In addition to these evidence-based recommendations, the guideline development group also identifies points of best clinical practice in the original guideline document.
Classification of evidence levels (1++ to 4) and grades of recommendations (A–D) are defined at the end of the "Major Recommendations" field.
What Are Considered Normal Fetal Movements during Pregnancy?
C - Most women are aware of fetal movements by 20 weeks of gestation.
B - Clinicians should be aware (and should advise women) that although fetal movements tend to plateau at 32 weeks of gestation, there is no reduction in the frequency of fetal movements in the late third trimester.
How Can Fetal Movements Be Assessed?
C - Fetal movements should be assessed by subjective maternal perception of fetal movements.
Should Fetal Movements Be Counted Routinely in a Formal Manner?
B - There is insufficient evidence to recommend formal fetal movement counting using specified alarm limits.
C - Women should be advised to be aware of their baby's individual pattern of movements. If they are concerned about a reduction in or cessation of fetal movements after 28+0 weeks of gestation, they should contact their maternity unit.
C - If women are unsure whether movements are reduced after 28+0 weeks of gestation, they should be advised to lie on their left side and focus on fetal movements for 2 hours. If they do not feel 10 or more discrete movements in 2 hours, they should contact their midwife or maternity unit immediately.
B - Clinicians should be aware that instructing women to monitor fetal movements is potentially associated with increased maternal anxiety.
What Is the Optimal Management of Women with Reduced Fetal Movements (RFM)?
The initial goal of antenatal fetal surveillance in cases of RFM is to exclude fetal death. Subsequent to this, the aim is to exclude fetal compromise and to identify pregnancies at risk of adverse pregnancy outcome while avoiding unnecessary interventions.
What Should Be Included in the Clinical History?
B - Upon presenting with RFM, a relevant history should be taken to assess a woman's risk factors for stillbirth and fetal growth restriction (FGR).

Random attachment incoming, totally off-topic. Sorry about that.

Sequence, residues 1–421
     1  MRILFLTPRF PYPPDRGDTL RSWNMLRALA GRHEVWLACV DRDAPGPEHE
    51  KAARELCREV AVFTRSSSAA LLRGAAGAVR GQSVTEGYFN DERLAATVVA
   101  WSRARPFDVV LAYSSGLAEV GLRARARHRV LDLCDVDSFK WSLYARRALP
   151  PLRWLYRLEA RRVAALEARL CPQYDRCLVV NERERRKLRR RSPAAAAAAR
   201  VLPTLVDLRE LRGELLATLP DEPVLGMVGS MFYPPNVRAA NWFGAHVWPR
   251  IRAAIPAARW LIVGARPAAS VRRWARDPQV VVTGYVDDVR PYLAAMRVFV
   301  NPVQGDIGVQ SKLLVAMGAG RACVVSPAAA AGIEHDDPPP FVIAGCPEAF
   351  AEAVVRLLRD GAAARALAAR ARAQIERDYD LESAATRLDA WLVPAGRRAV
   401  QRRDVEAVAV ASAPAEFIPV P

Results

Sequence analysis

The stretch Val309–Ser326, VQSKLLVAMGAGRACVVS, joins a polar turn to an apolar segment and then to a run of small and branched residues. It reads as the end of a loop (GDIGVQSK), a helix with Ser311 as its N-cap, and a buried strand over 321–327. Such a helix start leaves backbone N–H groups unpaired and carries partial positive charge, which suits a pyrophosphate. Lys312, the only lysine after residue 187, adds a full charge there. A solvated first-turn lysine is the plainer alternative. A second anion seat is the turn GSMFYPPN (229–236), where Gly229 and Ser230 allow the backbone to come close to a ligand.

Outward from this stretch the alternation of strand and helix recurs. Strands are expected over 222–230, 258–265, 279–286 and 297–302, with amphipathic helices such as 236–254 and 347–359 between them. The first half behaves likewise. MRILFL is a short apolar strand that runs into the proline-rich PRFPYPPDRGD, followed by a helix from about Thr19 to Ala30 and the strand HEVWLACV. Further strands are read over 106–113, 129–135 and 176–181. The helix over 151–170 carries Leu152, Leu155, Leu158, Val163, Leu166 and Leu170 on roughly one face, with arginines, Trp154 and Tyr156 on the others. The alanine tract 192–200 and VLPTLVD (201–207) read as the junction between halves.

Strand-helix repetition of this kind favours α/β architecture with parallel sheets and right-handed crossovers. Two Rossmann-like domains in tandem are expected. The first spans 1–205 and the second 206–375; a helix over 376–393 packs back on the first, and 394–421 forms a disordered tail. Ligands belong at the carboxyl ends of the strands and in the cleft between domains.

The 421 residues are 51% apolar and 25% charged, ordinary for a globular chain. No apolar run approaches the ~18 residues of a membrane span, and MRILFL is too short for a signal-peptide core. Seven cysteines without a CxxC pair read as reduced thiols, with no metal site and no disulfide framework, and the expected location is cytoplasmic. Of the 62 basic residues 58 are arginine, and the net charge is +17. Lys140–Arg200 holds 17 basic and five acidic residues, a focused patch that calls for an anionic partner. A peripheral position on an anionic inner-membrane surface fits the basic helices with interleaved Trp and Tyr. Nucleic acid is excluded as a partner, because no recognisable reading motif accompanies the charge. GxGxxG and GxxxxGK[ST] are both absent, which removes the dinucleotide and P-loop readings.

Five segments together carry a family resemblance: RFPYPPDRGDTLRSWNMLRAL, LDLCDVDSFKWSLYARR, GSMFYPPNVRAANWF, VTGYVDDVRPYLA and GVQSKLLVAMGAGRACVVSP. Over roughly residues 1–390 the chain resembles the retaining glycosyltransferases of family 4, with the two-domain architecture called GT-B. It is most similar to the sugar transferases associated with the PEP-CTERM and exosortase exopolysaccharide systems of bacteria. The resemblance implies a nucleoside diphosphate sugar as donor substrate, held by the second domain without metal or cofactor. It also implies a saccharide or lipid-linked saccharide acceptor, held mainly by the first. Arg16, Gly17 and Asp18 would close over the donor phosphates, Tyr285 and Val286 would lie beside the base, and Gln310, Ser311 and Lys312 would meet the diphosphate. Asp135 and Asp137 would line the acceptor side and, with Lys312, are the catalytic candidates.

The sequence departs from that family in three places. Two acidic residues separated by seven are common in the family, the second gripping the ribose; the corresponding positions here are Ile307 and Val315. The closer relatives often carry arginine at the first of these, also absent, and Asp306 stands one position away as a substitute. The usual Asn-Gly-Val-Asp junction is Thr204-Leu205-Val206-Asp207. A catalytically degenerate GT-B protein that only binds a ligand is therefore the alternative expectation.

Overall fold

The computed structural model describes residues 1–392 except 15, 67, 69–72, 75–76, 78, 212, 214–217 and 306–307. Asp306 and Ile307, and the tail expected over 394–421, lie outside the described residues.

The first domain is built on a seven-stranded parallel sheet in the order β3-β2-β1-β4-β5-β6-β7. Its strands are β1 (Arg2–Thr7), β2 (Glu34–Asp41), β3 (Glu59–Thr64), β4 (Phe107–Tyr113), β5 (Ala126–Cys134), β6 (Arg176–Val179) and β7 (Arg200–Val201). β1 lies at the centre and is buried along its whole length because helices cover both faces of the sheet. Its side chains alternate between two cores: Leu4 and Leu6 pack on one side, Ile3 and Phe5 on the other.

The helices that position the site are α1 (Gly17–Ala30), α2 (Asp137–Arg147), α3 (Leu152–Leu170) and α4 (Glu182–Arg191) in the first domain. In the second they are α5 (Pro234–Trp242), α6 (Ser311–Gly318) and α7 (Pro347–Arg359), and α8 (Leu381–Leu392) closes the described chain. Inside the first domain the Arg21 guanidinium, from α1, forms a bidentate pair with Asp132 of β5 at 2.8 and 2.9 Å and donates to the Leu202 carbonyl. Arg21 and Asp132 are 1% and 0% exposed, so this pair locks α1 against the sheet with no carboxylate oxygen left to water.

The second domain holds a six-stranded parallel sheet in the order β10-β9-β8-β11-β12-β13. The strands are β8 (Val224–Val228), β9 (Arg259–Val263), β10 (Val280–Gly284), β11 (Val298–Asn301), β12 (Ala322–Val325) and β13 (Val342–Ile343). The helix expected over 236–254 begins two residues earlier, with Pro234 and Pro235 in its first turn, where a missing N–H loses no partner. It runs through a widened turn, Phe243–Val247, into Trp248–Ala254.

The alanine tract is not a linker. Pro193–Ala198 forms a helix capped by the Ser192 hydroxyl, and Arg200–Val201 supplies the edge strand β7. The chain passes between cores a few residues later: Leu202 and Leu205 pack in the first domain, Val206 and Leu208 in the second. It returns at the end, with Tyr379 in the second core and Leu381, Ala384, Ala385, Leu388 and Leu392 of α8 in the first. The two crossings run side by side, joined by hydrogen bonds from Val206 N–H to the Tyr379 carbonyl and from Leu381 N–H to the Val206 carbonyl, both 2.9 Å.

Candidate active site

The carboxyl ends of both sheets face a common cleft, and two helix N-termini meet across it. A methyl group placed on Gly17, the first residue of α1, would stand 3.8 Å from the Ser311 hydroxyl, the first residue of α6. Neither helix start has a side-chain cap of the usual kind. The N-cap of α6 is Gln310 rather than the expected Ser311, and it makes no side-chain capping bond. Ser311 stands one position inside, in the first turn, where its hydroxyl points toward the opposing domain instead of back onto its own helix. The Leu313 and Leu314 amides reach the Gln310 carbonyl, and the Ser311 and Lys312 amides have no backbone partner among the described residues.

C - If after discussion with the clinician it is clear that the woman does not have RFM, there are no other risk factors for stillbirth and there is the presence of a fetal heart rate on auscultation, she can be reassured. However, if the woman still has concerns, she should be advised to attend her maternity unit.
A history of RFM should be taken, including the duration of RFM, whether there has been absence of fetal movements and whether this is the first occasion the woman has perceived RFM. The history must include a comprehensive stillbirth risk evaluation, including a review of the presence of other factors associated with an increased risk of stillbirth, such as multiple consultations for RFM, known FGR, hypertension, diabetes, extremes of maternal age, primiparity, smoking, placental insufficiency, congenital malformation, obesity, racial/ethnic factors, poor past obstetric history (e.g., FGR and stillbirth), genetic factors and issues with access to care. Clinicians should be aware that a woman's risk status is fluid throughout pregnancy and that women should be transferred from low-risk to high-risk care programmes if complications occur. If after discussion with the clinician it is clear that the woman does not have RFM, in the absence of further risk factors and the presence of a normal fetal heart rate on auscultation, there should be no need to follow up with further investigations.
What Should Be Covered in the Clinical Examination?
B - If a woman presents with RFM in the community setting with no facility to auscultate the fetal heart, she should be referred immediately to her maternity unit for auscultation.
B - When a woman presents with RFM in the community or hospital setting, an attempt should be made to auscultate the fetal heart using a handheld Doppler device to exclude fetal death.
Clinical assessment of a woman with RFM should include assessment of fetal size with the aim of detecting small-for-gestational-age (SGA) fetuses.
The key priority when a woman presents with RFM is to confirm fetal viability. In most cases, a handheld Doppler device will confirm the presence of the fetal heart beat. This should be available in the majority of community settings in which a pregnant woman would be seen by a midwife or general practitioner. The fetal heart beat needs to be differentiated from the maternal heart beat. This is easily done in most cases by noting the difference between the fetal heart rate and the maternal pulse rate. If the presence of a fetal heart beat is not confirmed, immediate referral for ultrasound scan assessment of fetal cardiac activity must be undertaken. If the encounter with the woman has been over the telephone and there is thus no additional reassurance of auscultation of the fetal heart, the woman should be advised to report for further assessment. [Evidence level 2+]